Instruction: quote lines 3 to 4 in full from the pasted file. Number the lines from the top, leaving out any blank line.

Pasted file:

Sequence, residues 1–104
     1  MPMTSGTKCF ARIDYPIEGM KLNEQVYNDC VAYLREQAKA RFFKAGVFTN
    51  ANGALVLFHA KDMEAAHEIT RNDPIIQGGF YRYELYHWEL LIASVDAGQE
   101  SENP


    51  ANGALVLFHA KDMEAAHEIT RNDPIIQGGF YRYELYHWEL LIASVDAGQE
   101  SENP